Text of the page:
Penn Museum displays The Lod Mosaic

The Penn Museum in Philadelphia displays The Lod Mosaic in an exhibition on view February 10 – May 12, 2013.

The Lod Mosaic Image © Israel Antiquities Authority

More than 300 square feet and nearly 2,000 years old, this ancient Roman floor mosaic is one of the world’s largest and best preserved. Discovered in 1996 in Lod, Israel (near Tel Aviv), the “Lod Mosaic” is often characterized as an archaeological gem. Learn about the mosaic’s discovery, history and conservation in this limited time exhibition. See this unique masterpiece in its final United States venue before it travels to the Louvre in Paris and eventually becomes the permanent focus of the Shelby White and Leon Levy Lod Mosaic Center in Israel.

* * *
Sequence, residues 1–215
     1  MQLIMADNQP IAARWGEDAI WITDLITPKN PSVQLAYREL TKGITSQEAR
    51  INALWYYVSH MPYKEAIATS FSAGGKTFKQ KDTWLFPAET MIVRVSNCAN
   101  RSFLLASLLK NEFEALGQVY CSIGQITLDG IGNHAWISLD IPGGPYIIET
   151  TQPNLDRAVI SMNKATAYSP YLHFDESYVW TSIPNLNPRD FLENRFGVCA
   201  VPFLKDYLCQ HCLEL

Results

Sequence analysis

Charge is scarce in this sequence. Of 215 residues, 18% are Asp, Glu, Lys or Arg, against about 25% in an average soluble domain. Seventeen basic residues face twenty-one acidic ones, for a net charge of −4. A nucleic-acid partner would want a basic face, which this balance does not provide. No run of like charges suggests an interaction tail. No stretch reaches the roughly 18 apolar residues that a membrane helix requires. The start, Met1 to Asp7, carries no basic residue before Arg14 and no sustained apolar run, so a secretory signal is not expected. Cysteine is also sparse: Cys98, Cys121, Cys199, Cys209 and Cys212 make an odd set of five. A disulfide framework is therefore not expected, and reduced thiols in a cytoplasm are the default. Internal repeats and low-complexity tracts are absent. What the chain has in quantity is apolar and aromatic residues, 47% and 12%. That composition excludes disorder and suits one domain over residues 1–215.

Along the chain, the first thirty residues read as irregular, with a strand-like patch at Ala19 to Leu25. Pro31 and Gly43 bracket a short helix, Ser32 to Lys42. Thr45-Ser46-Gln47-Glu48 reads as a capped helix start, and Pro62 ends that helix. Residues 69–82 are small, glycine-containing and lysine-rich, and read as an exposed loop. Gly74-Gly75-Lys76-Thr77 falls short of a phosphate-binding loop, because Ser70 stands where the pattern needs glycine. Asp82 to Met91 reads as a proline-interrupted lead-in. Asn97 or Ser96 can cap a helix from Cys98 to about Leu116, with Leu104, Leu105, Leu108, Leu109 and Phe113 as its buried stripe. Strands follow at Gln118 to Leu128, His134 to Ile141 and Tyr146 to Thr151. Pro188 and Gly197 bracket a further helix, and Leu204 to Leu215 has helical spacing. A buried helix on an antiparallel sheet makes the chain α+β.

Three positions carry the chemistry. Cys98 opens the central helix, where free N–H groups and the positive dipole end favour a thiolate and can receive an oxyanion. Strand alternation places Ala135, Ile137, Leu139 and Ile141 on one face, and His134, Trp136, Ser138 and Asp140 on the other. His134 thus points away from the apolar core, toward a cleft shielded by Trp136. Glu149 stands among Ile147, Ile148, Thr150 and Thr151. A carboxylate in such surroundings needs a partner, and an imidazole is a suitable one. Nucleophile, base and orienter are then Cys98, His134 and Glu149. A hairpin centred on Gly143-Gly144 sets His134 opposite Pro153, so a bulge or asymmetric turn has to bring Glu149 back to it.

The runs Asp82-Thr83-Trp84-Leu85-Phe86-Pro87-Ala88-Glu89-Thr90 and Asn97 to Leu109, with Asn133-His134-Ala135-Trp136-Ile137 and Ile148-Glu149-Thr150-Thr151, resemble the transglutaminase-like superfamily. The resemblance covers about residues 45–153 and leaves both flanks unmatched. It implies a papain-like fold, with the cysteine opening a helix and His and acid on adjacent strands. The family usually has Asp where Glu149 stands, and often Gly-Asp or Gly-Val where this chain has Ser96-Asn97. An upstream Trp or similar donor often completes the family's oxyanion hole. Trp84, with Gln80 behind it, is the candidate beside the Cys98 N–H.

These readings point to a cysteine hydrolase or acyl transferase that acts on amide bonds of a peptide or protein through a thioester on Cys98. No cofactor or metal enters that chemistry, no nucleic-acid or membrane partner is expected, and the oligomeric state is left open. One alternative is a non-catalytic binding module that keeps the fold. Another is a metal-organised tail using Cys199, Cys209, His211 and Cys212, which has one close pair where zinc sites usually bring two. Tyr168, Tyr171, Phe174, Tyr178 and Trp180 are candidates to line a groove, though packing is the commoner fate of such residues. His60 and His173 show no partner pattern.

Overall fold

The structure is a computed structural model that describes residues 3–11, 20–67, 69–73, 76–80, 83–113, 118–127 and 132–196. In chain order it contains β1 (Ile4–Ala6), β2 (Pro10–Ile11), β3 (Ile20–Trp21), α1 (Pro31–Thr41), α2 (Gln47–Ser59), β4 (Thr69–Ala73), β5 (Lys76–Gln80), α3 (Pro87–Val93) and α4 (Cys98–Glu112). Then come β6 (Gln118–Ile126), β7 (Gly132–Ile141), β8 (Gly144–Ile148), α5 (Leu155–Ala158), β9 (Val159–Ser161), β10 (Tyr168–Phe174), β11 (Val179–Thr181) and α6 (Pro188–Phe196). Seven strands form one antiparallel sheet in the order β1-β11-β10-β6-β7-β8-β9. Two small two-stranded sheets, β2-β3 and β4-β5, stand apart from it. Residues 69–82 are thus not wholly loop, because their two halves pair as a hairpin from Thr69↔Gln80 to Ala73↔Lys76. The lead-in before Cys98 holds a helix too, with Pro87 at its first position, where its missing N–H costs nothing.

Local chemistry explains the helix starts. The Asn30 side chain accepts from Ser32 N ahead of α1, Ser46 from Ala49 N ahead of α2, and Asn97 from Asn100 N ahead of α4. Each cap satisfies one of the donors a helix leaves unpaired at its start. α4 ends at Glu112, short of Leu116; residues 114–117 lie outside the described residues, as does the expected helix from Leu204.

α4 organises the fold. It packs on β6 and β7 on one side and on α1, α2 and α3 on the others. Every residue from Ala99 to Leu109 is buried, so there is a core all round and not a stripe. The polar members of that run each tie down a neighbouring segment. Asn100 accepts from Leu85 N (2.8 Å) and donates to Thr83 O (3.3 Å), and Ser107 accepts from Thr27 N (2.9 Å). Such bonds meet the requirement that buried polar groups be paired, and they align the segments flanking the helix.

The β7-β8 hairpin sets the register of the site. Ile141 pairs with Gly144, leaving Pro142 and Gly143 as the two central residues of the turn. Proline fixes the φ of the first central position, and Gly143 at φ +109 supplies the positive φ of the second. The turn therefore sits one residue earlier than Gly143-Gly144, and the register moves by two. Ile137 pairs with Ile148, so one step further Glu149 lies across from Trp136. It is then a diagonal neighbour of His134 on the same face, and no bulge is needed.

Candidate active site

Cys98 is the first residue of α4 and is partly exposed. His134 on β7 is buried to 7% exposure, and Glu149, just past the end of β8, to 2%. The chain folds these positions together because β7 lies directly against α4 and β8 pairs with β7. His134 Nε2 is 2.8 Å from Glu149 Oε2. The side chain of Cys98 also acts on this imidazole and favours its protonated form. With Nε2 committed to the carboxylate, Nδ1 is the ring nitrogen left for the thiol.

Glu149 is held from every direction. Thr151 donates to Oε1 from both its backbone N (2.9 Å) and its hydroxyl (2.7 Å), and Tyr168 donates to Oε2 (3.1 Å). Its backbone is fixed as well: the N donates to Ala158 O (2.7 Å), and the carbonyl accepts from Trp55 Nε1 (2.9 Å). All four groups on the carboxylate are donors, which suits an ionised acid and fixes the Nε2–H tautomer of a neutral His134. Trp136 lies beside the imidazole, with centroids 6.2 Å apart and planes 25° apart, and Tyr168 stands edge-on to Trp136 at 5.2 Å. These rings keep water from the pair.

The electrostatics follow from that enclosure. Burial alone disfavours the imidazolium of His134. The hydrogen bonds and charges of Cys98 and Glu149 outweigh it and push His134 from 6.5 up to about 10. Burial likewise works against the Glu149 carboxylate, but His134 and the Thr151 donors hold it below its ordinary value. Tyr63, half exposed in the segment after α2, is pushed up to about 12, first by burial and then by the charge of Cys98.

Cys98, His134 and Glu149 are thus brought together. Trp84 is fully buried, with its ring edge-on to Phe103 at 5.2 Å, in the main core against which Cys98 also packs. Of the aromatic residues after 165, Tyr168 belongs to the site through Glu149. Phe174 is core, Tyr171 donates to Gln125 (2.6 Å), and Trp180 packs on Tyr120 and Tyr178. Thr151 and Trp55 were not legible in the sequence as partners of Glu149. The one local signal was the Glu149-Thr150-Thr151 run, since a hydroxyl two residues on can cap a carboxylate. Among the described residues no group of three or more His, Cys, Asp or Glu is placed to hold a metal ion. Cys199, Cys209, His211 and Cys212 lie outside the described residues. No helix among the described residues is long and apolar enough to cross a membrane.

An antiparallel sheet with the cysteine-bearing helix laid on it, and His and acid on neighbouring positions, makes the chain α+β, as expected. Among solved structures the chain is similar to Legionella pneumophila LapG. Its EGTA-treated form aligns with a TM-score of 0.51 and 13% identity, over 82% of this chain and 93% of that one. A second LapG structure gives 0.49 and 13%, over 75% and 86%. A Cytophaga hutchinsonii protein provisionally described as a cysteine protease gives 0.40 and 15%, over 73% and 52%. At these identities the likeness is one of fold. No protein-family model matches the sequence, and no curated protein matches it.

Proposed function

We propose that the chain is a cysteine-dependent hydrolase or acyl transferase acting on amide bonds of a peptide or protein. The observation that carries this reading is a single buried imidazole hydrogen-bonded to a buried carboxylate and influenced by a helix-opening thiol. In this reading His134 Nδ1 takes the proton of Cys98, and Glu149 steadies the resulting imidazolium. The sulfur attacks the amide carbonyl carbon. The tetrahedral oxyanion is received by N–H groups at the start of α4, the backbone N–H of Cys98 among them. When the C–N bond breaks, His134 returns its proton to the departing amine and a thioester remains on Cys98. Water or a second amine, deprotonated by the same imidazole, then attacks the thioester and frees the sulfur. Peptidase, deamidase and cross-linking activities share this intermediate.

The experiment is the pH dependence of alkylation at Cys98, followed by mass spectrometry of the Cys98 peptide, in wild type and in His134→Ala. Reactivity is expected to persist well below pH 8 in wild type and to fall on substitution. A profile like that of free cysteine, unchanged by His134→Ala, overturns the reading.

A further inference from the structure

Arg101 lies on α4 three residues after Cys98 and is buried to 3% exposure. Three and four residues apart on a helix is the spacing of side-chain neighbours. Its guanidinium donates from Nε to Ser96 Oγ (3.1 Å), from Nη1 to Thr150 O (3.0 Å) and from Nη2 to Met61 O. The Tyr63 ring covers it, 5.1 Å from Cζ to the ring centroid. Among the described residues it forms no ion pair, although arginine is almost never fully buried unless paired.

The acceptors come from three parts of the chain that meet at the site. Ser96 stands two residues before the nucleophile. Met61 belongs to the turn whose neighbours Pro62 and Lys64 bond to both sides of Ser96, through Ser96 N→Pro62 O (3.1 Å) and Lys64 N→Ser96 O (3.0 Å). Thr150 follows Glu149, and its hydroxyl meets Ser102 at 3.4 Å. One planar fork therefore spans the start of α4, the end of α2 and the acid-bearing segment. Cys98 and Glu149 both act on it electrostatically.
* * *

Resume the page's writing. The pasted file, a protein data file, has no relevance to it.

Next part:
Dating to 300 CE, the “Lod Mosaic” is one of the most complete, well-preserved, and largest Roman mosaics ever found. It was likely commissioned by a high-standing Roman official for his private home. Alluding to gladiatorial games, the mosaic panels depict scenes of hunting, trading, and marine life; but the lack of human figures on any of the panels makes the Lod Mosaic very unusual. This exhibition presents the unique history and fascinating excavation of this impressive ancient Roman mosaic.

The Lod Mosaic is on loan from the Israel Antiquities Authority and the Shelby White and Leon Levy Lod Mosaic Center.

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